We all know that people and dogs require very different things in a dietary sense. What’s great for our bodies isn’t always suitable for our pets. The wrong treats may even prove to be fatal in some cases. Tap or click here for must-have pet products.
The following is a quick rundown on things in your pantry that you should never, ever feed your dog. Some of these listed foods may shock you. At least there were more than a few surprises for us.
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This is probably one of the most well-known items on this list. The theobromine and caffeine that chocolate contains are potent enough to completely shut down your dog’s nervous system, even in tiny doses.
2. Alliums like onions, chives and garlic
Garlic is one of the most dangerous foods for dogs. The compounds this family of pungent plants contains can cause anemia in dogs, preventing their hearts from delivering vital oxygen to every body part.
Cinnamon contains volatile oils that may irritate the inside of your dog’s mouth and digestive tract. It’s also a natural way to lower one’s blood sugar. The effect is often beneficial to humans, but the sudden drop can be very dangerous for a dog of any size.
4. Macadamia nuts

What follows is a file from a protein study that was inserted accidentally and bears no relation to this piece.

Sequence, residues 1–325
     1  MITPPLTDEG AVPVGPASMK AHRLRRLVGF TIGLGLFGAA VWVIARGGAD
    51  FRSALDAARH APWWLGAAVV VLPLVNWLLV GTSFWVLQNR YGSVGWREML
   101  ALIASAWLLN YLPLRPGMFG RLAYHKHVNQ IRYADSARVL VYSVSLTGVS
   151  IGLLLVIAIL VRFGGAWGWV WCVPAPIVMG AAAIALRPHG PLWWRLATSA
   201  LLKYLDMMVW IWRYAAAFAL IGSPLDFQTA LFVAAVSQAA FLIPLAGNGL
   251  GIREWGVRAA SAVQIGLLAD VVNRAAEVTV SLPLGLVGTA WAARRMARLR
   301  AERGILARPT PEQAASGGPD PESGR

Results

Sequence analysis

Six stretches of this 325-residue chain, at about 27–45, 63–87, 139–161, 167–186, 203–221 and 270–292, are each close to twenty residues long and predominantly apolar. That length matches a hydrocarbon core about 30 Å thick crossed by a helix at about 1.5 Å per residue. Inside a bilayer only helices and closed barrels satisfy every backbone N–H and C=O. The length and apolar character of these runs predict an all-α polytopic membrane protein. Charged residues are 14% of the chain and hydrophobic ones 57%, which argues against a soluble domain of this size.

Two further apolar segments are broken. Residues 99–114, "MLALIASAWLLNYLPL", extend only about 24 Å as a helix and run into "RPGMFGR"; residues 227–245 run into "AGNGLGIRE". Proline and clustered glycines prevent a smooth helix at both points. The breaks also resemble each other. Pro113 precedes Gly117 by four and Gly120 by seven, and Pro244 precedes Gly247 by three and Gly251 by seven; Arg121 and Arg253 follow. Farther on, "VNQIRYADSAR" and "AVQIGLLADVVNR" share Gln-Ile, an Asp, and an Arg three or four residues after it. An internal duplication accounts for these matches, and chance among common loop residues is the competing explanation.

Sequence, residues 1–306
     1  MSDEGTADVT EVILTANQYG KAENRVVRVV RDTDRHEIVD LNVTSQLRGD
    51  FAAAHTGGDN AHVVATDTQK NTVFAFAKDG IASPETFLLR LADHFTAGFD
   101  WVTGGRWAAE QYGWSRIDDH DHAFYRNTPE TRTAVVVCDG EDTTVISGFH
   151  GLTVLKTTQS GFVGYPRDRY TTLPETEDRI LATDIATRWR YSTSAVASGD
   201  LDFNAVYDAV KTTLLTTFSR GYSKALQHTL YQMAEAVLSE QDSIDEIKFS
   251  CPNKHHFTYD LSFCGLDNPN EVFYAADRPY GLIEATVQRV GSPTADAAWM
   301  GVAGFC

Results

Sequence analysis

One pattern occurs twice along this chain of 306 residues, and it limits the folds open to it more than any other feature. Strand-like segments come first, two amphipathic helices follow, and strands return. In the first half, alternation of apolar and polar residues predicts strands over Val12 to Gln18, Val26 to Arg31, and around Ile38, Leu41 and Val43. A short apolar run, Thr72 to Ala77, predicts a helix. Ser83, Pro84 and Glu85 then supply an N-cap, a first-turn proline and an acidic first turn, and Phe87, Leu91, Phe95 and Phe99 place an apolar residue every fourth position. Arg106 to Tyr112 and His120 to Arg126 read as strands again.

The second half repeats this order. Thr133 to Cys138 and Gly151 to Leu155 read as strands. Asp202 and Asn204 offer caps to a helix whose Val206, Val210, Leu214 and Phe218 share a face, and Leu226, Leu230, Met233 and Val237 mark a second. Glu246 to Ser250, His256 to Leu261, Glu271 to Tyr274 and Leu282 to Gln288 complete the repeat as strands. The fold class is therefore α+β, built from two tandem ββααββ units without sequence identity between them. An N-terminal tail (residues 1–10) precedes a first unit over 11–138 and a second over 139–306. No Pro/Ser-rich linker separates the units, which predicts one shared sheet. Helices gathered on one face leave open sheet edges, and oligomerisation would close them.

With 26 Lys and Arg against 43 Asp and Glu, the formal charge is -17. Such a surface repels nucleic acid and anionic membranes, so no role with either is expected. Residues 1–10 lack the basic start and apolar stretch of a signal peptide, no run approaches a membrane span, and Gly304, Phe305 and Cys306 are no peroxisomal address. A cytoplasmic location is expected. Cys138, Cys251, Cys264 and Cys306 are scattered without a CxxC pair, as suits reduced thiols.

Believe it or not, macadamia nuts are extremely dangerous for our canine friends. After consumption, they may cause vomiting, poor coordination, muscle weakness and other neurocognitive side effects, including death.
5. Grapes and raisins
Eating even a single grape or raisin is enough to jeopardize your dog’s life. These sweet treats for humans are linked with severe kidney dysfunction, although the exact chemical responsible for this effect is, at this point, not entirely understood.
6. Excess salt
Salty food should always be kept out of reach of your pup. Some breeds of dogs may be especially susceptible to issues like water retention and complications that tend to follow, such as organ failure and cardiovascular disease.
7. Small choking hazards
Dog owners sometimes overlook this one. Just like the parent of a small child, you should avoid giving your dog access to small, hard bites they may choke on. These include things like nuts and even tiny bones.
How to dog-proof your kitchen
A scoop of peanut butter here and there is harmless enough. However, double-check anything else you put in your dog’s bowl.
As long as you steer clear of these seven notorious offenders, your kitchen should be a reasonably safe place for your dog to hang out and explore. We recommend keeping your pantry closed, preventing any curious canines from digging into something they shouldn’t. It’s always better to be safe than sorry.
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For a limited time, save 54% on your first order, plus get a free bag of Dr. Marty’s bestselling dog treats. Tap or click here to visit DrMartyPets.com/Kim or text KIM to 511511.